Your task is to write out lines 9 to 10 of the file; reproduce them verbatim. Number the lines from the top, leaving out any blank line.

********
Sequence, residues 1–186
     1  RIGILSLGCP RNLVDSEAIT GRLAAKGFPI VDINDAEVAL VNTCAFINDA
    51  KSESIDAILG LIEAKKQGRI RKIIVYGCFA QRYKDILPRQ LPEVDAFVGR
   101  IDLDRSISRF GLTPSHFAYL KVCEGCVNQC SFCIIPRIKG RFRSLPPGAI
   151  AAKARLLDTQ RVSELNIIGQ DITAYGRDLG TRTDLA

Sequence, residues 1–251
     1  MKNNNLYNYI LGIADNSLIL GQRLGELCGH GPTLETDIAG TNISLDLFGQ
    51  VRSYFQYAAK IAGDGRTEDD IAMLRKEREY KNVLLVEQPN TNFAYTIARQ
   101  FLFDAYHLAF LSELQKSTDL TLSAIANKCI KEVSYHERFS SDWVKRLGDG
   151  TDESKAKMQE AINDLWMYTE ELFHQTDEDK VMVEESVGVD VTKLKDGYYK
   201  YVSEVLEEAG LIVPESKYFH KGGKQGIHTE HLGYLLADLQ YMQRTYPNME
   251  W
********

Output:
   101  FLFDAYHLAF LSELQKSTDL TLSAIANKCI KEVSYHERFS SDWVKRLGDG
   151  TDESKAKMQE AINDLWMYTE ELFHQTDEDK VMVEESVGVD VTKLKDGYYK